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  • WEAF (radio station, New York City, New York, United States)

    radio: The role of advertising: …New York City radio station, WEAF, began selling time for “toll broadcasting.” Its first radio commercial, broadcast on August 22, 1922, was a 15-minute real-estate ad offering apartments in Jackson Heights, Queens. But acceptance of radio advertising was slow, as broadcasters did not want to offend listeners. Early ads promoted…

  • Weah, George (president of Liberia)

    George Weah, Liberian football (soccer) player and politician. He was named African, European, and World Player of the Year in 1995—an unprecedented achievement. His talents on the field were equaled by his activism on behalf of his homeland, where he worked to bring an end to a long civil war and

  • Weah, George Oppong (president of Liberia)

    George Weah, Liberian football (soccer) player and politician. He was named African, European, and World Player of the Year in 1995—an unprecedented achievement. His talents on the field were equaled by his activism on behalf of his homeland, where he worked to bring an end to a long civil war and

  • weak anthropic principle (cosmology)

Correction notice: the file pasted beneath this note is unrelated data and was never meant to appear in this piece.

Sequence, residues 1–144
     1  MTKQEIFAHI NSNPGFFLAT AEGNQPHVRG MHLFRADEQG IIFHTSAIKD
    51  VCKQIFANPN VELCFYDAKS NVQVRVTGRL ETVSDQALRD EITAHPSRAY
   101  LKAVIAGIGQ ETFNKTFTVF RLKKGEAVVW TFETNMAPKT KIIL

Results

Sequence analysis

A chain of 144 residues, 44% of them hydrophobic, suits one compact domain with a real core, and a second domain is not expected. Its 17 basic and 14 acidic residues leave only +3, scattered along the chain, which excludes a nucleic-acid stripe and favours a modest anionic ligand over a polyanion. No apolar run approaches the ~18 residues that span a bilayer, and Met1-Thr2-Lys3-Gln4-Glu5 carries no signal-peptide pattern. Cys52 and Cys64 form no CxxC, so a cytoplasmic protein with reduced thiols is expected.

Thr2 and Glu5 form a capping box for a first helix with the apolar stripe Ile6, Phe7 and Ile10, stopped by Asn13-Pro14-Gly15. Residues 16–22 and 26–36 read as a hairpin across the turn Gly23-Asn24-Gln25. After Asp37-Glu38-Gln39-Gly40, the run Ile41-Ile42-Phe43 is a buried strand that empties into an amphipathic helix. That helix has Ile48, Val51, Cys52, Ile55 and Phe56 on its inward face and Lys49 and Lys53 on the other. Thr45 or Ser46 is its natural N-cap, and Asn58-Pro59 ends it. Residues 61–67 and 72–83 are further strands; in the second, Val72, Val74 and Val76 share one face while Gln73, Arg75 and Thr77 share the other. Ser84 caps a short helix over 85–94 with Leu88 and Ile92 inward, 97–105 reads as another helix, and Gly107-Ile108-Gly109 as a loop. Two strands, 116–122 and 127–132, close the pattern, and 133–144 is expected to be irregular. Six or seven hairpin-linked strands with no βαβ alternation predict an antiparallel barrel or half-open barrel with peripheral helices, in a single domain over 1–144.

anthropic principle: Forms of the anthropic principle: The weak anthropic principle (WAP) is the truism that the universe must be found to possess those properties necessary for the existence of observers. The WAP is not a theory of physics. Rather, it is a methodological principle. It is therefore not appropriate to ask if…

  • weak boson (subatomic particle)

    Intermediate vector boson, type of boson associated with the electromagnetic and weak forces in unified form. See W

  • weak completeness (logic)

    formal logic: Axiomatization of PC: …is complete (or, more specifically, weakly complete) if every valid wff is a theorem. The axiomatic system PM can be shown to be both sound and complete relative to the criterion of validity already given (see above Validity in PC).

  • weak electrolyte (physics)